The much-anticipated virtual summit Monday between U.S. President Joe Biden and his Chinese counterpart, Xi Jinping, marked the most substantial exchange between the two leaders since Biden took office in January. The meeting, which ran overtime and lasted three and a half hours, followed two phone calls between Biden and Xi, in February and September. But apart from pledges to improve cooperation, the summit yielded no major breakthroughs between the two rivals, which remain at odds over a number of issues, including trade, human rights and a military buildup in the Asia-Pacific region.
Sitting among top government officials in the Great Hall of the People in Beijing, Xi kicked off the video conference on a positive note. “Today is the first time we have met by video,” he began. “I’m very happy to see my old friend.” Xi later called for “a sound and steady China-U.S. relationship,” where the two countries can coexist peacefully and cooperate on a range of global issues, including climate change and pandemic response efforts.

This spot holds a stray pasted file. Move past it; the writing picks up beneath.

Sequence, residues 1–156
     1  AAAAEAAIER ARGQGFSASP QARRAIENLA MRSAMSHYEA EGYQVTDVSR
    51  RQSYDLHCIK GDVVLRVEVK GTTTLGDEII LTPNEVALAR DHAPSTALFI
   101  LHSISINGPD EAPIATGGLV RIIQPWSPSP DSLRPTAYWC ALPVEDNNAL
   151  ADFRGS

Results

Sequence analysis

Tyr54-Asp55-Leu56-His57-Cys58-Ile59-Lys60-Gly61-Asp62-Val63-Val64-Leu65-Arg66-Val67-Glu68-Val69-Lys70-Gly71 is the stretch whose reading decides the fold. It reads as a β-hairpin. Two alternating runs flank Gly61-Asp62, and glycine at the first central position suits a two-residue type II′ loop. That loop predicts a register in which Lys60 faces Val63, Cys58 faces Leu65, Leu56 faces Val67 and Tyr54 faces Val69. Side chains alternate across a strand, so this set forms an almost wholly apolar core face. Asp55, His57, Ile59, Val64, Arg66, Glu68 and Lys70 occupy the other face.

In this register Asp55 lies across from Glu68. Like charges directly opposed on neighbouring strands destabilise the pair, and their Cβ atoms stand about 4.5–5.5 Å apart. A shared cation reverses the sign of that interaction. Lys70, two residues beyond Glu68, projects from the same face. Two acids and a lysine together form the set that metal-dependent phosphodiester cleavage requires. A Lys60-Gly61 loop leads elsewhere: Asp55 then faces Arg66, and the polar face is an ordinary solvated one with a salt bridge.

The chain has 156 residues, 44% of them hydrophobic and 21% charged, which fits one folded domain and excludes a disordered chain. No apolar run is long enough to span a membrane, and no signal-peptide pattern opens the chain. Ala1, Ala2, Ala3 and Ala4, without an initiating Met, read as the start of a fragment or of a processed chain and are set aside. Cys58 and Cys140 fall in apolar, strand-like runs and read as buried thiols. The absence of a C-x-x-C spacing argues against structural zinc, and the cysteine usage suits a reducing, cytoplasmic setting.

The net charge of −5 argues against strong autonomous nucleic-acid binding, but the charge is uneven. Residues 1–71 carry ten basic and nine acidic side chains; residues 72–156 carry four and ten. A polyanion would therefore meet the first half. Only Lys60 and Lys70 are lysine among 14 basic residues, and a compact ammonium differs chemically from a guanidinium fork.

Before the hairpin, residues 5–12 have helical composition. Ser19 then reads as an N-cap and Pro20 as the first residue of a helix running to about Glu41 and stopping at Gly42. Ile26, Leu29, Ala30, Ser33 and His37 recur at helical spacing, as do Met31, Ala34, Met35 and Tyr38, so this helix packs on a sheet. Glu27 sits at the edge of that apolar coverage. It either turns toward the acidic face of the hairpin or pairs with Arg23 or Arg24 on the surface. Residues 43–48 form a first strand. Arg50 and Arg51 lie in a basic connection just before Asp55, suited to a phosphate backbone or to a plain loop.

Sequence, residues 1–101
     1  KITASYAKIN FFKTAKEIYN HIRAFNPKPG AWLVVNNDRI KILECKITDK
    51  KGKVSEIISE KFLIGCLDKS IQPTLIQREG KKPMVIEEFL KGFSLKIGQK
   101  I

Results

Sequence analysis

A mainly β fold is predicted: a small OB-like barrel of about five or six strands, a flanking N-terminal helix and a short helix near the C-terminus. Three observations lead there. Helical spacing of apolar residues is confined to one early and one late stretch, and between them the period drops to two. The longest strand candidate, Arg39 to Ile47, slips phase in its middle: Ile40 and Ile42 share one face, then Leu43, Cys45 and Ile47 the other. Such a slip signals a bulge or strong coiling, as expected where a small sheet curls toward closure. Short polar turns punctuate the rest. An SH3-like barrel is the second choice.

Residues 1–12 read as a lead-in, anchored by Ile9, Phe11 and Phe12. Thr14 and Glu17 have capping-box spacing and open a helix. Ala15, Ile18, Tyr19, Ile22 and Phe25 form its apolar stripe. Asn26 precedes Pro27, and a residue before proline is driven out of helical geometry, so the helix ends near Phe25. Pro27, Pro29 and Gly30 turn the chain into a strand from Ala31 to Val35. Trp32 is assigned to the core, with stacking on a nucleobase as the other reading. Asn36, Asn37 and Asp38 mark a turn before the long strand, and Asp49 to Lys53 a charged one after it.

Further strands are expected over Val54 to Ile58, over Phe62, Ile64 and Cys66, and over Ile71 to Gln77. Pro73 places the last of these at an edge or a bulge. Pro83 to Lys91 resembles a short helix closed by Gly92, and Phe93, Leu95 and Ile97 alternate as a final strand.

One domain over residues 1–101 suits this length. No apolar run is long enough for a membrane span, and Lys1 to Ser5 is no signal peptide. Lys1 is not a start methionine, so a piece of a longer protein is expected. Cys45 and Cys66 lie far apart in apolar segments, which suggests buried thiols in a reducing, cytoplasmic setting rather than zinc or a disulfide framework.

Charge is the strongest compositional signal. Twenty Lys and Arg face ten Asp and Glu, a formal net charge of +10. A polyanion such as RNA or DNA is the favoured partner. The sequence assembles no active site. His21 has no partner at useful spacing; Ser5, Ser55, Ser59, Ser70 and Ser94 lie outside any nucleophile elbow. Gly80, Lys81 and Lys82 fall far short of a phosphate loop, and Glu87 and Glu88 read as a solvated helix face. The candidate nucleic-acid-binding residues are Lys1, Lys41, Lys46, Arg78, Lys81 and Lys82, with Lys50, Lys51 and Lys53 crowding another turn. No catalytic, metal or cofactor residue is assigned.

Echoing his remarks from a prerecorded video address to the Asia-Pacific Economic Cooperation summit last Friday, the Chinese president called on Washington to take steps to show it is not, as Biden told the U.N. General Assembly in September, seeking a “new Cold War.”